The 2017 Lions tour to New Zealand was in many ways a success for the home nations, only losing once to New Zealand in the three-game test series.
This achievement is something every person in Britain and Ireland should be proud of, but here in Scotland, there is still a bitter taste in people’s mouths. That taste comes from the fact that only two Scots made it into the original squad. This subsequently resulted in many Scots even supporting New Zealand during the tour!
Why did this happen? Scotland secured two solid wins against Ireland and Wales in the 6 Nations and was only a try away from finishing second in the tournament.
Scotland’s critics would point to the embarrassing loss to England and the fact Scotland only won their home games. The loss to England was embarrassing, but winning only home games was essentially par for the course. Outside of teams beating the woeful Italians in Rome, the only team to win on the road was England (against a tiring Welsh side).
Scotland are just not rated
I and many others have drawn the conclusion that people simply don’t rate Scottish Rugby as highly as the other home nations. This may be deserved after years of inconsistency.
This underrating, justified or not means many don’t know a lot about Scottish rugby’s rich heritage. And more astounding than that, they don’t know what is going on in the Scottish rugby scene. I recall watching Glasgow Warriors Vs Racing 92 last year and Austin Healey being absolutely stunned by the quality of Finn Russell’s performance. He even stated, “he might just swap that blue jersey (Glasgow’s) for a red one (B&I Lions)“. For many of us watching the game, we weren’t surprised at all. We’ve become accustomed to seeing Russell perform at such high intensity and intelligence.
Austin Healey’s sheer surprise at how well Russell and the Warriors did against Racing is not a one-off. It is normal for a lot of people to show surprise. That game and the lack of belief from journalists in Glasgow’s possible title push in the Pro 14 this year (when in my opinion they are clear favourites) makes me draw to the conclusion that Scottish Rugby is underrated.
From my point of view, it is not because people don’t like Scottish rugby. It’s not that they find it boring. Quite the opposite. It basically comes down to exposure. The lack of journalist and media attention it receives is stifling its development.
Everyone knows about Gary Ringrose and Sam Davies. They are the next “big things” for Ireland and Wales. We all know this. Compare this to Adam Hastings and Matt Fagerson, why is so little known about them? I believe this lack of attention is behind the small contribution Scotland made to the Lions and needs to be addressed.
Solution – TV Coverage
I believe there are many solutions to this issue.
The first being that a better TV deal is needed for the Pro14 itself. The Scottish teams are usually found on the channel BBC Alba and the language spoken during the games is primarily Gaelic. Except for the rare occasions when a red button English option is available.
In Scotland, only around 1.1% of people speak Gaelic, so it’s not exactly appealing to people who don’t know rugby to try and watch, let alone anyone from any other country who would want to watch Glasgow or Edinburgh games. This is also an issue for the Welsh teams as their games are largely shown on S4C, and the language spoken is Welsh. These Channels are also tediously hard to find, even if you know where to look. So what hope has someone from New Zealand or France in finding, or enjoying the rugby on show?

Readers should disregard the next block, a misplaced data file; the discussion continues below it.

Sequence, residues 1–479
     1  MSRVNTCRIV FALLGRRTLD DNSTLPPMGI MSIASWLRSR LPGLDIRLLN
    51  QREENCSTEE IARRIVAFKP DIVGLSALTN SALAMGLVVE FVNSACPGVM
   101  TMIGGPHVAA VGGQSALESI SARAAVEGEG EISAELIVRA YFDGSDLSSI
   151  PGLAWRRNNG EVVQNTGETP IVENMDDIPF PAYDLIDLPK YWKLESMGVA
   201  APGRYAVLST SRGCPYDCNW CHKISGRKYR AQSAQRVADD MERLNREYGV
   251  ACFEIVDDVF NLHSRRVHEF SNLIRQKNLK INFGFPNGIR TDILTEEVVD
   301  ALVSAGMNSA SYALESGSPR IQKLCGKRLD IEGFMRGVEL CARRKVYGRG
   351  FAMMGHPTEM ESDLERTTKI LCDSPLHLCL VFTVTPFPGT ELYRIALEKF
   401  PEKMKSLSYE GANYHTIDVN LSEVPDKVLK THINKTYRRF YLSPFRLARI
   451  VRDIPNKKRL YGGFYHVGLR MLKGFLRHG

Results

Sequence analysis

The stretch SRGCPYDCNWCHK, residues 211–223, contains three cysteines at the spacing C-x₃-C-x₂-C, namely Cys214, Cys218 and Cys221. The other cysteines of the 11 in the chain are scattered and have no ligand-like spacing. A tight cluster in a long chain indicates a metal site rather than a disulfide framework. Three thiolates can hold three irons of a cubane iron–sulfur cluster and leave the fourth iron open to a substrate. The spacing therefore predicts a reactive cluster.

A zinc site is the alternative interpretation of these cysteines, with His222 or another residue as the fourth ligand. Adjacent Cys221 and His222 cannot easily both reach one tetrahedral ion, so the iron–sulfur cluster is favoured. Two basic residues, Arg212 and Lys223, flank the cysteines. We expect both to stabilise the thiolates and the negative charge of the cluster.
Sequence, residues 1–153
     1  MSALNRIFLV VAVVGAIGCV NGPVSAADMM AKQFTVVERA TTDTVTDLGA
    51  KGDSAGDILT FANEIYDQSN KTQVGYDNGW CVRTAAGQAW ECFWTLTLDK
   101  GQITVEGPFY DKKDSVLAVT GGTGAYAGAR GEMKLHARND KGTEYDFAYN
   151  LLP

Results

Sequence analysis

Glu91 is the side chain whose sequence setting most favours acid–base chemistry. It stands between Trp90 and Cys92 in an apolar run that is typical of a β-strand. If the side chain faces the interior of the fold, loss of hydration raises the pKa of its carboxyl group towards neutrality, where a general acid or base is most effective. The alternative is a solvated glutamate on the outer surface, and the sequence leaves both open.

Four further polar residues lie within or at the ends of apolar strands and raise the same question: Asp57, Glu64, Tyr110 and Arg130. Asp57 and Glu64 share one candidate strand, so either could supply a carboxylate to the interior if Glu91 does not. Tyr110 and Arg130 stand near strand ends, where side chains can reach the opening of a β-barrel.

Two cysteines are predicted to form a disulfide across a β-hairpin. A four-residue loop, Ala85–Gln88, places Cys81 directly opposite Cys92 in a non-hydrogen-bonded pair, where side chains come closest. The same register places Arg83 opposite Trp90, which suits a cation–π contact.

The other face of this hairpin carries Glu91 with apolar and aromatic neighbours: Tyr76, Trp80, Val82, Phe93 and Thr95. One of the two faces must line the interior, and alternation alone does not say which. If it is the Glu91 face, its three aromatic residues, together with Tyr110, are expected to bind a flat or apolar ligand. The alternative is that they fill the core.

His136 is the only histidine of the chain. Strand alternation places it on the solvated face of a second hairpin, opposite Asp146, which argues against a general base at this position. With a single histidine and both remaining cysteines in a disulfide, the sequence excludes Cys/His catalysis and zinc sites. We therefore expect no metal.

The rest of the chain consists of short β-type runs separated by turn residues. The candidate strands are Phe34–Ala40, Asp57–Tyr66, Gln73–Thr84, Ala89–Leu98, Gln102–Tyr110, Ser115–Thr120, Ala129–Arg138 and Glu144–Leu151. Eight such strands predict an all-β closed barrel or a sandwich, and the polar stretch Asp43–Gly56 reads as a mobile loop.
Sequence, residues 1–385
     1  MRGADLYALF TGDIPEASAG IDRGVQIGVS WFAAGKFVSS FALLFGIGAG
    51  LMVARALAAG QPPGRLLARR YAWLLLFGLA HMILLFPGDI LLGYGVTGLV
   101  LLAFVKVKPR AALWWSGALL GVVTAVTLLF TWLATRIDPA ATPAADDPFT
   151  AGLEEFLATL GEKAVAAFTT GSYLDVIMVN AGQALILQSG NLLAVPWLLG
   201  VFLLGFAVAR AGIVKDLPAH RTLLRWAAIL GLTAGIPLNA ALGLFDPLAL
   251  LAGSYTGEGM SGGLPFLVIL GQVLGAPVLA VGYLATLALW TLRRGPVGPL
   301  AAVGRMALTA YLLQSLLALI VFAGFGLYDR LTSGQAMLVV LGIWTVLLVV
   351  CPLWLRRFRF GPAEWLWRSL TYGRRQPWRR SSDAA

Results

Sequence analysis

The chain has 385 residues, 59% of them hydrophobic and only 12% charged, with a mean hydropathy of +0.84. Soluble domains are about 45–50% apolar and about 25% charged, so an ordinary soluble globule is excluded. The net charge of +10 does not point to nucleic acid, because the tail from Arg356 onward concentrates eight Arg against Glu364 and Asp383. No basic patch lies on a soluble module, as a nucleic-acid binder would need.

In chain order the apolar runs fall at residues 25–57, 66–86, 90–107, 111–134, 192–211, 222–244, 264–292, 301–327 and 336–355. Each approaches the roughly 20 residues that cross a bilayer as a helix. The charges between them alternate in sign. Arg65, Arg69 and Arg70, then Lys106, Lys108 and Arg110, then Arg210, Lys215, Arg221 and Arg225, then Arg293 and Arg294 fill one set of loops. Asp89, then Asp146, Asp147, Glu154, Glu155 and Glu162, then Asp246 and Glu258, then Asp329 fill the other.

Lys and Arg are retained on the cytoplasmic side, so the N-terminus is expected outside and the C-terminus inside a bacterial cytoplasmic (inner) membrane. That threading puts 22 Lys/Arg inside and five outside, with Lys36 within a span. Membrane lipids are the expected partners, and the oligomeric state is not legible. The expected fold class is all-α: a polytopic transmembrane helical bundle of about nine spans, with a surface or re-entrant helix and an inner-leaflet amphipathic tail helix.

My solution would be a TV deal with Sky or BT Sports. In the same way as the Premiership and Top 14 has. This would make the games easier to find and in a language that most people will understand. This, in turn, would make the Pro14 a much more attractive league to watch for rugby supporters.
The increase in people watching the Pro14 will also mean an increase in people watching the Scottish teams play, giving the players much needed exposure to the world.
Solution – Frontline coaching
Another solution would be a Scottish coach involved in the 2017 Lions tour. Gregor Townsend was offered an assistant attack coach role, which was rightly rejected. This would have meant that Townsend would have worked under Rob Howley. Given Howley’s reasonably tame attack whilst with Wales this would not have worked.
Backs coach would have been ideal for Townsend during that 2017 Lions tour. His Glasgow side was arguably one of the most entertaining and potent attacking teams in the Northern Hemisphere. So much so that the NZRU looks to have identified it as such and suggested that Dave Rennie take the leap. Dave Rennie is an excellent coach and is building on the foundations of Townsend.
I can’t escape the feeling that if Townsend had been offered backs coach, more Scottish faces would have been included in that tour. At the very least there would have been someone to argue their case.
In reality, although Scotland has underperformed for too many years I am genuinely hopeful with this current group of players. Yes, Scotland will have to prove that they can play at a consistently high level, like Wales, Ireland and England have. But with these players, I am excited about the future of Scottish rugby.
Author: Andrew Reid
I’m obsessed with all things rugby. I’m from a small town in Scotland called Biggar and currently living in Edinburgh studying for my degree in Architecture. When I’m not studying I am playing for my local club, Biggar Rfc. I am also an avid Glasgow Warriors fan and a British and Irish Lions nerd.